Thursday, October 23, 2014

The Black Aesthetic at B2



Published in the Weekly Volcano, Oct. 23, 2014

untitled painting by Humbert Howard
In many ways Gary and Deborah Boone operate B2 Fine Arts Gallery more like a museum than a commercial gallery — much to Tacoma’s great good fortune. They have held survey shows of the best of children’s art from around the world, not once, not twice, but three times with their “Beyond Crayons and Finger Painting” series. They have brought us art by nationally prominent African-American artists celebrating Harriet Tubman and the Underground Railroad in the show “Sweet Freedom’s Jubilee.” They treated Tacomans with a look at the Northwest School and the Hood Canal Colony with works by Guy Anderson, Elton Bennett, Kenneth Callahan, Morris Graves, Mark Tobey and other Northwest Mystics. And now they offer “The Black Aesthetic,” with more works by notable African-American artists including Milt Simons, Thelma J. Streat, Paul Dusenbury, Richard Mayhew, Humbert Howard, Norman Lewis and the great Romare Bearden.

Rising Sun L’ Embouchure​ by Romare Bearden
Bearden is the most famous of the artists — famous for his collages and paintings about the black experience in America — but none of these signature pieces are included in this show. Instead, he is represented by two watercolor landscapes and an oil-on-paper landscape, all of which are simple, sketchy, atmospheric, and abstracted to such a degree that the landscape is barely recognizable. These works are simultaneously restful and explosive yet appear almost bland in comparison to works by Simons, Streat and Howard.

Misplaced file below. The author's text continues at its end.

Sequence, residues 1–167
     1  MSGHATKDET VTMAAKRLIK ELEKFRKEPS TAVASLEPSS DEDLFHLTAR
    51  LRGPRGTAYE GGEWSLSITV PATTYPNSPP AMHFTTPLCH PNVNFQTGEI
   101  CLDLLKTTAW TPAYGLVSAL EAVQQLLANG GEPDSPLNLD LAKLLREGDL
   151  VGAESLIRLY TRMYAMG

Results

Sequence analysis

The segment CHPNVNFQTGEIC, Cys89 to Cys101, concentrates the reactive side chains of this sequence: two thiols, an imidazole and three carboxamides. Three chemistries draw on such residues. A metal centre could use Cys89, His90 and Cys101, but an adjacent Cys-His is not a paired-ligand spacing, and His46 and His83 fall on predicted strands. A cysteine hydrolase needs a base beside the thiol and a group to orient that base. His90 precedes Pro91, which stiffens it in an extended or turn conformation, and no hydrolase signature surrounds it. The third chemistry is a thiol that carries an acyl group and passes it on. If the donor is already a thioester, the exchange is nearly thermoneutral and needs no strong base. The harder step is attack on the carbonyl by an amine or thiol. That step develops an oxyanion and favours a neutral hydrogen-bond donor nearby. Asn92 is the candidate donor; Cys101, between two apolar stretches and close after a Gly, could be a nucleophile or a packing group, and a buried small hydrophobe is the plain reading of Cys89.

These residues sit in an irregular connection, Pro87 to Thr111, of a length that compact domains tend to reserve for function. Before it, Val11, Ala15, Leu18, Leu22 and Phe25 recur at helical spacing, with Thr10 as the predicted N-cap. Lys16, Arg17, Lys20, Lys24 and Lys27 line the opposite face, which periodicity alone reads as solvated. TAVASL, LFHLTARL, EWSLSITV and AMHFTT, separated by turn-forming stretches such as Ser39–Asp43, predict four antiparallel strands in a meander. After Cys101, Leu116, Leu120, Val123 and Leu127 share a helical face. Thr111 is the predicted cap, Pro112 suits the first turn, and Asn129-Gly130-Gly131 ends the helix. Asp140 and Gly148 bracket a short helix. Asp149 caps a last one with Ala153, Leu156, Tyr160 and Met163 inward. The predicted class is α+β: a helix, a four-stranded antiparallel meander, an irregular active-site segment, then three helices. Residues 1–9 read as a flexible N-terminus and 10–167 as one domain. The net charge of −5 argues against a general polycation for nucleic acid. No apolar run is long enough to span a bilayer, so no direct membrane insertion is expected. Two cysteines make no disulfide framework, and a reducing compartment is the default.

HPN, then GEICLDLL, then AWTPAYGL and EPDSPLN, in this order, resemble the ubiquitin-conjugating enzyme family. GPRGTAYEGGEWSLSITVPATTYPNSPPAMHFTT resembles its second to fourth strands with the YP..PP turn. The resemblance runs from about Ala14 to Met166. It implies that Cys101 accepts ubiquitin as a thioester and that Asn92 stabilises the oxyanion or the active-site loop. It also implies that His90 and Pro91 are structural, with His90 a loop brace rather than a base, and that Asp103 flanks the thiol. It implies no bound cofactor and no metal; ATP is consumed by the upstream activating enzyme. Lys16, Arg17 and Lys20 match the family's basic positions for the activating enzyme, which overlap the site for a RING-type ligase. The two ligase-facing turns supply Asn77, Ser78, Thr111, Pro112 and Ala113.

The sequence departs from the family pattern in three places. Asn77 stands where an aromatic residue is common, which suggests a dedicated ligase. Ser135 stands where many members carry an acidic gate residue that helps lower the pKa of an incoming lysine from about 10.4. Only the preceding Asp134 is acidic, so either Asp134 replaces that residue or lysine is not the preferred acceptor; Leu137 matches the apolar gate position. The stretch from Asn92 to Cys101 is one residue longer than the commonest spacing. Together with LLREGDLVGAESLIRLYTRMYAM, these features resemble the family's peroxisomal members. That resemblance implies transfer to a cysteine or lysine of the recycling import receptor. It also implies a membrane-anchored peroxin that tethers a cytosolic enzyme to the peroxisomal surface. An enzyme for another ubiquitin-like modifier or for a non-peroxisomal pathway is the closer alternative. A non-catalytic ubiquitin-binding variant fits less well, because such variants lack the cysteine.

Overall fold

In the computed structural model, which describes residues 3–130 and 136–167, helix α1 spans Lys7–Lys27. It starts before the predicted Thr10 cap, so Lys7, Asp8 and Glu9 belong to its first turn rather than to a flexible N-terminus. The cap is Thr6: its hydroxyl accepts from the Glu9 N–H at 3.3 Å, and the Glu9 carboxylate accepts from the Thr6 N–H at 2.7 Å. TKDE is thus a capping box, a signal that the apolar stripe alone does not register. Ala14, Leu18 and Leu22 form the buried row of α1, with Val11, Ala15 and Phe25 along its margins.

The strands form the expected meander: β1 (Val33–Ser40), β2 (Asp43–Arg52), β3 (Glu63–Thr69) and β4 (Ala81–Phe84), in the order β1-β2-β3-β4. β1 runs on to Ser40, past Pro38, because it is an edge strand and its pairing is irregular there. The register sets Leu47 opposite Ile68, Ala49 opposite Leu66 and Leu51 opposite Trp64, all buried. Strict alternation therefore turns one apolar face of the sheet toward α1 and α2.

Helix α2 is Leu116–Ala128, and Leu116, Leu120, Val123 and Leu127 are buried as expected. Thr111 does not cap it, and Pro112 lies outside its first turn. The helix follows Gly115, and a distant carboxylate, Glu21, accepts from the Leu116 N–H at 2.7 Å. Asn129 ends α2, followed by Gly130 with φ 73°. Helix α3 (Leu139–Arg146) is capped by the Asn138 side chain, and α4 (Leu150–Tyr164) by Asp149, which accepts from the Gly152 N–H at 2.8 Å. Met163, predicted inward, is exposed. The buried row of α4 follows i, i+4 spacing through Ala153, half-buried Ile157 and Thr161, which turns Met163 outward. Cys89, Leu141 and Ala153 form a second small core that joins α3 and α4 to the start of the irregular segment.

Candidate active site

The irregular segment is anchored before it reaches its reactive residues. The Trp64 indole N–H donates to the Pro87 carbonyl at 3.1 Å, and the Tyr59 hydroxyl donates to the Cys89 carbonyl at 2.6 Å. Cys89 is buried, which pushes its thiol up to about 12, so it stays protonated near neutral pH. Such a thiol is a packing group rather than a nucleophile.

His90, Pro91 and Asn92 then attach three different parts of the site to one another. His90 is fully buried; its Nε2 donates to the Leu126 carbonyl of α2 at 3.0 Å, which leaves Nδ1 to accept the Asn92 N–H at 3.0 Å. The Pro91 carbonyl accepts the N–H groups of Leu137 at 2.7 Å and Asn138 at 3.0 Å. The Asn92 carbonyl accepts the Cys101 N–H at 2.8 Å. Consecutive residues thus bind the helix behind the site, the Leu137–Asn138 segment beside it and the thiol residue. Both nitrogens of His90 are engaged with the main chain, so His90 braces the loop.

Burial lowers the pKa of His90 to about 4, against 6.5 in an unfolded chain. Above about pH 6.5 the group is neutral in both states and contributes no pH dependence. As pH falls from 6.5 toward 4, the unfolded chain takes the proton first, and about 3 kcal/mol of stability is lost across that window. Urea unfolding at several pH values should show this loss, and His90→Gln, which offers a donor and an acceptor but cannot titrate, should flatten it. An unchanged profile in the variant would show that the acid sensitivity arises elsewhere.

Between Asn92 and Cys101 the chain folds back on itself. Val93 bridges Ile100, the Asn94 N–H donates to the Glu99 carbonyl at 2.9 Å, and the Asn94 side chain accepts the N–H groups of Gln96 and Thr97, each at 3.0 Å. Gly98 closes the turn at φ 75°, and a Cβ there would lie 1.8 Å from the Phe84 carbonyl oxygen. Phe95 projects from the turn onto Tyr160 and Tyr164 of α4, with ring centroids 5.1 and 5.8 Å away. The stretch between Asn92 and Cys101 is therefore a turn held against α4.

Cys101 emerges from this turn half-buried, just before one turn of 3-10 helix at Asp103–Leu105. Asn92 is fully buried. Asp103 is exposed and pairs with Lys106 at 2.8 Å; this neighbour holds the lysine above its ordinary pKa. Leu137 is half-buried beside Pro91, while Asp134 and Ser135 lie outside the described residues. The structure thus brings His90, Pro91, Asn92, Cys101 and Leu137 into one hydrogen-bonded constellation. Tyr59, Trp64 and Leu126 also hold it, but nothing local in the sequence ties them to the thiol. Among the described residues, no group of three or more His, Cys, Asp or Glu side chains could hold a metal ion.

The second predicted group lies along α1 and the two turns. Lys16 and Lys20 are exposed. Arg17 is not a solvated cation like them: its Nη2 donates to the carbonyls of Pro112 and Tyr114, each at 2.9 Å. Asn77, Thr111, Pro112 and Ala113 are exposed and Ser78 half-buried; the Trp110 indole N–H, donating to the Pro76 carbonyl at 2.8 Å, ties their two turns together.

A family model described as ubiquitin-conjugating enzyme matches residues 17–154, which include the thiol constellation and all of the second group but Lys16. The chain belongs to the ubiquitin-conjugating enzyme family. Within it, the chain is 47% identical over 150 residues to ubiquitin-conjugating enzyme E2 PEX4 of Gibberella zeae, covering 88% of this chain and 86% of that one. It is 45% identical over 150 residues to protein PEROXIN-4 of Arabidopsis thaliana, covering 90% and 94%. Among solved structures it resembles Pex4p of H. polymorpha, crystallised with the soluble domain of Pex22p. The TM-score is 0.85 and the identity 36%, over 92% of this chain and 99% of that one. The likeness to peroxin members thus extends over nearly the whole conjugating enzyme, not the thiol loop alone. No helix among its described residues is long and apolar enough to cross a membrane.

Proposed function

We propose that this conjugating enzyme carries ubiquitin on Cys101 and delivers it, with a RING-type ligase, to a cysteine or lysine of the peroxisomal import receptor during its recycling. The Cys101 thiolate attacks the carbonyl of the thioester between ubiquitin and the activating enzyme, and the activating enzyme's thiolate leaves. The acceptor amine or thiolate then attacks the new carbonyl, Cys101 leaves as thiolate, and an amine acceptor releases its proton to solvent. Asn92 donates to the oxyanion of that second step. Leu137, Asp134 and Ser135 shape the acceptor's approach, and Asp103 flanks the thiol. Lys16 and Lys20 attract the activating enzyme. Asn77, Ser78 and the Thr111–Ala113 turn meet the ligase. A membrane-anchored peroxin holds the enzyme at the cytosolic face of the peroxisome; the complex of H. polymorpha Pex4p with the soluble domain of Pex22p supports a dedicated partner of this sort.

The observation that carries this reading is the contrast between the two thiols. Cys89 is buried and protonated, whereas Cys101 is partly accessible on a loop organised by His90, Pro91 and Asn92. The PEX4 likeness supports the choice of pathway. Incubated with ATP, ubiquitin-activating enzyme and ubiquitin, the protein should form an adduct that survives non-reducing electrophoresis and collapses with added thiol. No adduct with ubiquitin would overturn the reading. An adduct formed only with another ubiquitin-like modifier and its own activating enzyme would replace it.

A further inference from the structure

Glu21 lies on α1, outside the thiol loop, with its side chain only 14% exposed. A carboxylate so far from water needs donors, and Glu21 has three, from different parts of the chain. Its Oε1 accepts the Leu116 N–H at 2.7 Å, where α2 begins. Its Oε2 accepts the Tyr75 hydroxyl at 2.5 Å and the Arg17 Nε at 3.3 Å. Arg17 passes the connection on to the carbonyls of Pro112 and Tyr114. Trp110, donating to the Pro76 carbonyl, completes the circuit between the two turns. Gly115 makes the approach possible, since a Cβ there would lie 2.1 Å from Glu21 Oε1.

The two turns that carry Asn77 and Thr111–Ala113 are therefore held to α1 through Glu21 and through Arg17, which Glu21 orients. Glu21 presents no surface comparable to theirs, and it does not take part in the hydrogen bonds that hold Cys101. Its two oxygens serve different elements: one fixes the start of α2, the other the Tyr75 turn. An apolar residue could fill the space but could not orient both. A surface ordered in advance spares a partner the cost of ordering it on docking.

Simons’ paintings dominate this exhibition. His “Introspection” at six-by-eight feet is a dramatic, dark show-stopper reminiscent of El Greco with its elongated and convoluted male figure floating in a dark and stormy sky. The energy and mystery of this painting is captivating. The figure, by-the-way, is playing a flute, and next to this painting is a smaller painting in oil of raised board and strips and globs of ripped canvas called “Flutist.” Both of these are powerful and bombastic.

Breaking from the abstract theme of this show, there are three Simons figure paintings in a back room, each in a different style and each from a different period in his career. There is a realistic figure in a classical pose from 1948 painted with thin washes, a self-portrait with his wife from 1955 in which the figures are submerged in heavy globs of paint, and a very expressive but classical nude from 1962.

Simons is also represented by stormy landscapes (also reminiscent of El Greco) and equally stormy abstract paintings. That’s quite a range of styles and interests, and it’s all good.

Howard’s two little paintings were a surprise to me. I am not familiar with his work, but these two semi-abstract figure paintings with bright colors and heavy impasto paint application are lovely.

Streat’s iconic and diagrammatic pictures of animals and masked figures evoke both Africa and Native American culture.
Also showing as part of Metal Urge is a group of outstanding wall-sculptures by Earnest Thomas.

B2 Fine Art Gallery, 11 a.m. to 5 p.m. Tuesday-Saturday, till 9 p.m. Third Thursdays, through Nov. 29, 711 St. Helens Avenue, Tacoma, 253.238.5065]

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